Once again, I have no words.

Rising from his bar stool, he finishes the remainder of his drink with a smooth swallow before shouldering into his wool trench, heading for the door, and disappearing into the cold, dark evening.

Rain drops pelt the windows, obscuring anything and everything on the other side of the glass.

Peeling my fruitless gaze from that direction, it settles on an umbrella leaning against the wall next to the door.

His umbrella.

The blackest black.

The color of his soul—or the empty space in his chest where his heart should be.

Fitting.

Without giving it another thought, I slap a twenty on the counter and slip into my coat.

A moment later, I’m grabbing the stupid thing and diving out into the rain, praying I catch him in time.

As incensed as I am, as infuriating as he is, sometimes the best thing to do is fight cruelty with kindness. It’s something I learned early on in my life and something I instill in my students from the second they enter my classroom.

I spot him at the end of the block, waiting for the crosswalk to change.

Picking up my pace, I canter over cracked and pitted concrete, squeeze past umbrella-wielding locals—and make it to the end of the street just in time for the light to flick from neon white to warning-sign orange, forcing me to stop.

I wait where I am, my gaze trained on him in case he turns onto a side street.

The traffic signals begin to change, and within seconds, the crosswalk blinks to white.

I sprint across, ignoring the stinging cold rain drops pelting my skin, the frigid air biting through my clothes, and the painful clench in my jaw that keeps my teeth from rattling.

I’m a mere half of a block from him when he turns and disappears inside a local business.

But it isn’t just any business …

… it’s the Paulley-Hallbrook Funeral Home—a place I know well.

A moment later, I’m standing outside the very doors he walked into mere moments ago, frozen in every sense of the word.

The rain slows, gentle.

And then it stops.

Earthy petrichor fills my lungs as I witness the dark-haired, cruel-hearted mystery man as he’s greeted by a lady in a charcoal pant suit.

She places a hand on his shoulder and gives him an apologetic wince before escorting him away.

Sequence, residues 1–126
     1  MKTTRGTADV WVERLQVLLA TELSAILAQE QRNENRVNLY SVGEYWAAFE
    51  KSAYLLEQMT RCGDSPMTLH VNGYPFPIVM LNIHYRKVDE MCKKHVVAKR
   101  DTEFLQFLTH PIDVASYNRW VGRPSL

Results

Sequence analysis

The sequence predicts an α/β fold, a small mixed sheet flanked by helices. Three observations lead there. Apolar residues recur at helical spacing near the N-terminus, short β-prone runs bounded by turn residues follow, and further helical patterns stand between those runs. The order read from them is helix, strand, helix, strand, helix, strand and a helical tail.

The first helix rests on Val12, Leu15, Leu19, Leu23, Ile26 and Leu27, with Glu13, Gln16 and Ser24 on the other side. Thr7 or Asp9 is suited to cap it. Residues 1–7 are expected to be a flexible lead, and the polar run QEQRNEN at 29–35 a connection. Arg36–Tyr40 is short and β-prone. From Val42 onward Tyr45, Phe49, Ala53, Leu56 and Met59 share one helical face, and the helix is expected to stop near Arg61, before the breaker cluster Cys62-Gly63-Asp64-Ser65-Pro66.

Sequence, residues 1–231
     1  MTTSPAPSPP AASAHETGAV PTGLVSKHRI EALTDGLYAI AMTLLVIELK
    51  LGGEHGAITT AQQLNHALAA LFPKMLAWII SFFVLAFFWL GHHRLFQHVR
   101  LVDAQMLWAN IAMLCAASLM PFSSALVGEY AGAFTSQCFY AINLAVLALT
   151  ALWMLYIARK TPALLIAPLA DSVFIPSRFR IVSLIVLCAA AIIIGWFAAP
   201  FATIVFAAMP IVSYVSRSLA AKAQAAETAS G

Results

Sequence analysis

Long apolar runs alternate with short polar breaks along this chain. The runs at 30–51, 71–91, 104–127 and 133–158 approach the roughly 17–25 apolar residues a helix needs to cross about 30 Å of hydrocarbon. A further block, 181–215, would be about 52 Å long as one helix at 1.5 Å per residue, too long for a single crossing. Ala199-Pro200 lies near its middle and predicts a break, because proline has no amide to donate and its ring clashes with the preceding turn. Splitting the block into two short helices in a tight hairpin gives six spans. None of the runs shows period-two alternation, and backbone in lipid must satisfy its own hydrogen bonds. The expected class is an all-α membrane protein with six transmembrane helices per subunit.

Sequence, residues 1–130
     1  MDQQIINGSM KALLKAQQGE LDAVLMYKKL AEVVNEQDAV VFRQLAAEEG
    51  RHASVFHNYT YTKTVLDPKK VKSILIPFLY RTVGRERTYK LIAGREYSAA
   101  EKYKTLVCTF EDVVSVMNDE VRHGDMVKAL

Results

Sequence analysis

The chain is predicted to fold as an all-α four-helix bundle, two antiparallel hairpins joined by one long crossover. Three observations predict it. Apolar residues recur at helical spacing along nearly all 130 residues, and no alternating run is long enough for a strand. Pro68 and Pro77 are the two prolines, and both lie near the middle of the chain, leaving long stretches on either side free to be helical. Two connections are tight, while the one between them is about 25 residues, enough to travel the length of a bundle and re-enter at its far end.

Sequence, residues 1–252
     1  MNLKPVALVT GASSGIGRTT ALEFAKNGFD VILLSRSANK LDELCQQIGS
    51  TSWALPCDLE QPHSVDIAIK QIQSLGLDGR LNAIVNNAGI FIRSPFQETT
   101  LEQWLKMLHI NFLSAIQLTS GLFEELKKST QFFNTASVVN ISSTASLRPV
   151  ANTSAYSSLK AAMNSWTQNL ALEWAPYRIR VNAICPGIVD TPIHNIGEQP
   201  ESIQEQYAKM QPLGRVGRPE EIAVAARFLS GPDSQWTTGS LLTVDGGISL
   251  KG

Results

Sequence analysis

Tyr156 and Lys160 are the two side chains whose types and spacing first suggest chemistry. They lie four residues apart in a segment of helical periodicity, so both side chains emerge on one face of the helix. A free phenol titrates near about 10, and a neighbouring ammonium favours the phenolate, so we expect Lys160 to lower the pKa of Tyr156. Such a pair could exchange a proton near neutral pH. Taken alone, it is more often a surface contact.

I wanted to give him the umbrella to teach him a lesson in compassion.

The irony of that isn’t lost on me.

 

Wall Street Journal and #1 Amazon bestselling author Winter Renshaw is a bona fide daydream believer. She lives somewhere in the middle of the USA and can rarely be seen without her trusty Mead notebook and ultra portable laptop. When she’s not writing, she’s living the American dream with her husband, three kids, and the laziest puggle this side of the Mississippi.
And if you’d like to be the first to know when a new book is coming out, please sign up for her private mailing list here —> http://eepurl.com/bfQU2j

 

 

#BlogTour “The Cruelest Stranger” by Winter Renshaw




The first time I saw him was at a bar called Ophelia’s on a misty Thursday night. I was there to drown my sorrows after a trying day, he was there to escape the storm. After a brief yet incredibly cruel exchange, the handsome stranger bolted before I had a chance to tell him off. Incensed and three cocktails deep, I followed him out the door, determined to give the audacious Adonis a piece of my mind. 
Tearing after him in heels and barely able to keep up in the freezing rain, I ended my chase when I realized where he was going.
They say never to judge someone unless you know their story. 
I never could have anticipated his…
And I never could have anticipated the way our paths would cross again—or that I would one day find myself falling for a man with a hollow cavity where his heart should be, a man as callous as he was beautiful, as complicated as he was mesmeric. 
They say never to judge someone unless you know their story.
This one’s ours.


Astaire

The sound of children laughing and shuffling down the hallway Friday morning is my cue to silence my phone.